Bush Tucker Breaky

1

02/01/2012 by Katrina

When we first built our home, we wanted to plant something along our back fence that would be fast growing, have a lovely green colour and give nice coverage. Fast forward a few years and I’m sitting here wishing I had planted fruit trees instead of Lilly Pillies. I now want something we could ‘use’ by eating part of it (always thinking of food).

Up until recently I had absolutely no idea that people can actually eat the berries off Aussie Compact Lilly Pillies. My husband found this awesome piece of information off his dad just the other day during their phone conversation.

Aussie Compact Lilly Pillies are typically rainforest trees that are not commonly grown for their fruit. The berries come out in Spring/Summer and their colour ranges from light pink to dark red. Pick one off the tree to taste before you harvest the lot so you can check for ripeness, which equals sweetness. Lilly Pilly berries tend to be more tart in taste than sweet like your usual berry kind (think strawberries), but they are refreshing and have a lovely crisp, crunch!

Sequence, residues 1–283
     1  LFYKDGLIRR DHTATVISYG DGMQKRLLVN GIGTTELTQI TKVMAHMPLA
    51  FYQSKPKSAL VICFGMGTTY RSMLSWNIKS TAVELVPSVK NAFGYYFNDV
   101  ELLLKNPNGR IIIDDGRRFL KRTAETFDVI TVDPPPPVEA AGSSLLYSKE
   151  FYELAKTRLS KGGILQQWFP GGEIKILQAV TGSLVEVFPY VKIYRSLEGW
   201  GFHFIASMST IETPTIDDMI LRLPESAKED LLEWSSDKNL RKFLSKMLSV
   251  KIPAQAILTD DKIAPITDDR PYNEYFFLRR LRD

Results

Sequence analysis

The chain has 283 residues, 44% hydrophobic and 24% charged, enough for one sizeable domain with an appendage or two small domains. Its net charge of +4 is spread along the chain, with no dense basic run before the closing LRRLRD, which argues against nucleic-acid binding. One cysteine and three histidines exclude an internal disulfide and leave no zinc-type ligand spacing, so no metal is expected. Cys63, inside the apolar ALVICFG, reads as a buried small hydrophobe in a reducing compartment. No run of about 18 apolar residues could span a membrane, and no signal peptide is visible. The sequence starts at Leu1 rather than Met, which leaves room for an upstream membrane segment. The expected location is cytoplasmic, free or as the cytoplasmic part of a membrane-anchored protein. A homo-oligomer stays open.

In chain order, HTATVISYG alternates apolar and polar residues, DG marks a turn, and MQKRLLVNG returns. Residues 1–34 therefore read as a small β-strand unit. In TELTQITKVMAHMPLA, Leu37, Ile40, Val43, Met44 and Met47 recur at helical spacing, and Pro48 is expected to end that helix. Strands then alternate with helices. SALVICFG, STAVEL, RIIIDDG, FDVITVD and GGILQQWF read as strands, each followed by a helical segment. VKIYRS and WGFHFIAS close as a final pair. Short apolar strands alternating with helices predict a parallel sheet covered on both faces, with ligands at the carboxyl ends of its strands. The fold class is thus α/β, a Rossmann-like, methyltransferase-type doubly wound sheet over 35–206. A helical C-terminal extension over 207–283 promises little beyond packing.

Did you know: Native Aborigines traditionally used Lilly Pilly for its great healing and anti bacterial properties and ate the berries when in season for the vitamin C content. The Lilly Pilly has good astringent properties that improve firmness of the skin, while its high vitamin C and fruit acid content create great anti-ageing effects to keep skin looking radiant and youthful (from New Directions Australia).

I wanted to make some Lilly Pilly jam in my Thermomix, but have yet to play around with the honey as an alternative to the bucket load of sugar I would need to add to the fruit, so I figured with it being summer the fruit would be lovely in a simple fruit salad as a Bush Tucker Breaky.

Serve your Lilly Pilly berries (once you take the big seed out) with nectarines, mango, blueberries, strawberries, creamy dollops of Greek yogurt (my fav is Chris’ Greek Yogurt), drizzled with raw honey.

If you don’t have any Cascade Lilly Pillies in your yard, check out the local park or hit the pavement in search for a tree around the streets. Most people don’t realize you can eat the berries, and they will just go to waste by dropping on the ground.

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One thought on “Bush Tucker Breaky

  1. Erin says:

    Hmm… I’m embarrassed now that I told my 3yo that they were poisonous the other day when he collected a heap of these berries from the driveway – I had no idea what they were!

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